CRN 12257

From Classes
Jump to: navigation, search

Sample Syllabus from an earlier semester:



Tiger gotta hunt. Bird gotta fly.
Man gotta sit and wonder why, why, why.
Tiger gotta sleep. Bird gotta land.
Man gotta tell himself he understand.
Kurt Vonnegut Jr.

Syllabus

  • Topic. Introduction to Higher Mathematics.
  • Time and Place. TR 10:30-11:50 in Bell Hall 130
  • Instructor. Helmut Knaust, Bell Hall 219, hknaust@utep.edu, 747-7002
  • Office Hours. TR 13:30-14:50, or by appointment.
  • Holyoke.JPG
    Textbook and materials. Mount Holyoke College. Laboratories in Mathematical Experimentation. A Bridge to Higher Mathematics. The textbook is available for download here. Also please bring a USB stick (or a laptop with Mathematica) to all class meetings.
  • Co-requisite. Calculus I (Math 1411).
  • Course Description. An introduction to mathematical problem solving, experimentation, and proof writing, and the relationship among all three. The course will be built around a series of in-depth problems from a variety of areas of higher mathematics, especially those not encountered in pre-calculus and calculus courses.
  • Course Objectives. This course is built on the proposition that you learn mathematics, and how to construct mathematical proofs, better when you formulate the questions and discover the answers yourself. Upon successful completion of the course, you will be able to investigate mathematical questions, big and small, both experimentally and theoretically. This is very different from courses like pre-calculus, calculus and differential equations, which are primarily focused on computations. Although there are computations in this course, they are a tool for discovering, and proving, more general mathematical truths.
  • Laboratories. Class time will be devoted exclusively to labs. Each lab will start with a brief explanation of the question or problem to be explored. You will perform experiments (usually with a computer or programmable calculator) and gather data. The data will lead you to make your own conjectures, which you will then test and refine by further experimentation. Finally, when you are more certain of your conjectures, you will prove them carefully. (In practice, this process is rarely as straightforward and linear as outlined here. You will often revisit earlier steps as you carry out later steps.) You will work in small groups in class (as well as outside of class). There will also be whole-class discussions about your experimental and theoretical discoveries. After two weeks of work in class (and while you are starting the next lab), you will have a week to write up your discoveries, both experimental and theoretical, into a clearly-written report. (Grading criteria are below.) The reports are either written individually, or jointly by the members of your group. After each report is graded and returned to you, you will have approximately one more week to revise your report for a better grade, if you like.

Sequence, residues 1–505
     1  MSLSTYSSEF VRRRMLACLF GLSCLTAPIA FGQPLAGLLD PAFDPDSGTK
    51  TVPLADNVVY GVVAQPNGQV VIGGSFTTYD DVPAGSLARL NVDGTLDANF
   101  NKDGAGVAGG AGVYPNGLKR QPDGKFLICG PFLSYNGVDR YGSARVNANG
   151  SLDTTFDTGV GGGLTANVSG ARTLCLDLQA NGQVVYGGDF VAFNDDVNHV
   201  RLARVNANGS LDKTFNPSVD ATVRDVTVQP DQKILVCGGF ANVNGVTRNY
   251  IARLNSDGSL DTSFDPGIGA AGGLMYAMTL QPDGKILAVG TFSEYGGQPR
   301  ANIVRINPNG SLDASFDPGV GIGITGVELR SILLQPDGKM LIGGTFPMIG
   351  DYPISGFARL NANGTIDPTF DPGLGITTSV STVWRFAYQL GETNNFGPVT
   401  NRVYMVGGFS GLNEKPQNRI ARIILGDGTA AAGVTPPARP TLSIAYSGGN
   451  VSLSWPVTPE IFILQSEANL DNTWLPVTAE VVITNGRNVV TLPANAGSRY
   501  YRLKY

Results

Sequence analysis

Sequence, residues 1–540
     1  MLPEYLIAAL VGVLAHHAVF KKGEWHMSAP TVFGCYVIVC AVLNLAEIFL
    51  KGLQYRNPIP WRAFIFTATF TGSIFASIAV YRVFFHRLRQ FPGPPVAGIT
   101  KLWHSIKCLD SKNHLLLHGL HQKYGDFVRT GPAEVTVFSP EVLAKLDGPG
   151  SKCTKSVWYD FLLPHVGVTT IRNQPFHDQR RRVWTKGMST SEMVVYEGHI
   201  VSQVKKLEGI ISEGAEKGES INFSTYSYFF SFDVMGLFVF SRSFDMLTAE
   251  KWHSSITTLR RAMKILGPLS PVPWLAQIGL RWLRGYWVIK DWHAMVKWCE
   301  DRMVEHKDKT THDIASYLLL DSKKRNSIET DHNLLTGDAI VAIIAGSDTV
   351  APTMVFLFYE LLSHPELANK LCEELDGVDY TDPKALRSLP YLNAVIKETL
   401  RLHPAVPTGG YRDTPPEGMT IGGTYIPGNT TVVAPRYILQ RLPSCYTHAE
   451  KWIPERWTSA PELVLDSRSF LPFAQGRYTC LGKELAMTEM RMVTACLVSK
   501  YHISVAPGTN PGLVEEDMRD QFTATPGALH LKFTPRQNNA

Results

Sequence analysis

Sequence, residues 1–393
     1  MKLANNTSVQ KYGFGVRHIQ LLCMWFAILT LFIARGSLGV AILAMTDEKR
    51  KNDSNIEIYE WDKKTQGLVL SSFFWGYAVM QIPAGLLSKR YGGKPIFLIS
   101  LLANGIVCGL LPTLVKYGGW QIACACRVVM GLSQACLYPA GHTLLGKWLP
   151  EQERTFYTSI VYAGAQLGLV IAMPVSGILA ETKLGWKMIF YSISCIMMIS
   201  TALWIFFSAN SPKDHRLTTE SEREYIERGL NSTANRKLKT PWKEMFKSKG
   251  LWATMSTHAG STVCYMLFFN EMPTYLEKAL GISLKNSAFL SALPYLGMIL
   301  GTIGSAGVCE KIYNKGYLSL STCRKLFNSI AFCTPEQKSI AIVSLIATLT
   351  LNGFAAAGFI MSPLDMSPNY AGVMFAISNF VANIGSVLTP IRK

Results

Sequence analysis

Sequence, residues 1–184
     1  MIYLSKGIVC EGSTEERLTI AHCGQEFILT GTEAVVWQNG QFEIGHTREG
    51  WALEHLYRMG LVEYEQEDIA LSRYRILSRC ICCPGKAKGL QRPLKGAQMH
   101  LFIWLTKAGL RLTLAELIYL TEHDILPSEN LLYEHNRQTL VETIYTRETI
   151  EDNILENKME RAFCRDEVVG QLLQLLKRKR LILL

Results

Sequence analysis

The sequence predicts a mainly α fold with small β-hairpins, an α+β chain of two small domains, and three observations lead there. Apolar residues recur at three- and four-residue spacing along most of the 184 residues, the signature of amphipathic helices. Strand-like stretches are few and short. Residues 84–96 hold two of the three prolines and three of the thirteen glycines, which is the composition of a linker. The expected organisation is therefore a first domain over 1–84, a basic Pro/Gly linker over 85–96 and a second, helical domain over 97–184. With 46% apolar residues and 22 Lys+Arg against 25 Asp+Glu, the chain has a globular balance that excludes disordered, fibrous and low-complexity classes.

• Grades. Each lab will be graded based on the following criteria: (1) Experimental design, (2) Organization and presentation of data, (3) Analysis of data, (4) Statement of conjectures, and most importantly (5) Mathematical analysis (including proofs) of conjectures (see p. xvii of the text). The final grade for each lab will be the average of the grades you receive on your initial report, and on your revision. If you do not turn in a revision, it will simply be the grade of your initial report. Your grade for the course will be the average of the final grades for each of the labs. Deadlines for the various assignments will be announced in class. A late submission of an assignment will result in a grade of zero.
  • Time Requirement. I expect that you spend an absolute minimum of six hours a week outside of class. Not surprisingly, it has been my experience that there is a strong correlation between class grade and study time.
  • Attendance. You are strongly encouraged to attend every class meeting. Students with four absences (excused or unexcused) will be dropped from the course with a grade of "F".
  • Drop Policy. The class schedule lists Thursday, March 30, as the last day to drop with an automatic "W". After the deadline, I can only drop you from the course with a grade of "F".
  • Students with Disabilities. If you have a disability and need classroom accommodations, please contact The Center for Accommodations and Support Services (CASS) at 747-5148, or by email to cass@utep.edu, or visit their office located in UTEP Union East, Room 106. For additional information, please visit the CASS website at sa.utep.edu/cass.

Calendar

TuesdayThursday
January 17Syllabus, Farey sumsJanuary 19Project 1 Day 1
January 24Project 1 Day 2January 26Project 1 Day 3
January 31Project 1 Day 4February 2Project 1 due
Project 2 Day 1
February 7Project 2 Day 2February 9Project 2 Day 3
February 14Project 2 Day 4February 16Project 2 due
Project 3 Day 1
February 21Project 3 Day 2February 23Project 1 revision due
Project 3 Day 3
February 28Project 3 Day 4March 2Project 3 Day 5
March 7Project 3 due
Project 4 Day 1
March 9Project 4 Day 2
March 14Spring BreakMarch 16Spring Break
March 21Project 2 revision due
Project 4 Day 3
March 23Project 4 Day 4
March 28Project 4 Day 5March 30Project 4 due
Project 5 Day 1
April 4Project 5 Day 2April 6Project 3 revision due
Project 5 Day 3
April 11Project 5 Day 4April 13Project 5 Day 5
April 18 Project 5 due
Project 6 Day 1
April 20Project 6 Day 2
April 25Project 4 revision due
Project 6 Day 3
April 27Project 6 Day 4
May 2Project 5 revision due
Project 6 Day 5
May 4Project 6 due
(individual, no revision)
Personal tools
Namespaces

Variants
Actions
Navigation
Toolbox